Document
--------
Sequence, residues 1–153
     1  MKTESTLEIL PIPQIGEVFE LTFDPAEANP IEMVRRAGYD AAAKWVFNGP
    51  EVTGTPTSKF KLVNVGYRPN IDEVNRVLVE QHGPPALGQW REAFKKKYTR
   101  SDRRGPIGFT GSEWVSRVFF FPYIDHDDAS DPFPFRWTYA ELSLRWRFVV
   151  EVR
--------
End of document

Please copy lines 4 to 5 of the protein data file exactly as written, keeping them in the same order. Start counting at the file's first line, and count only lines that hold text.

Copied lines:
   101  SDRRGPIGFT GSEWVSRVFF FPYIDHDDAS DPFPFRWTYA ELSLRWRFVV
   151  EVR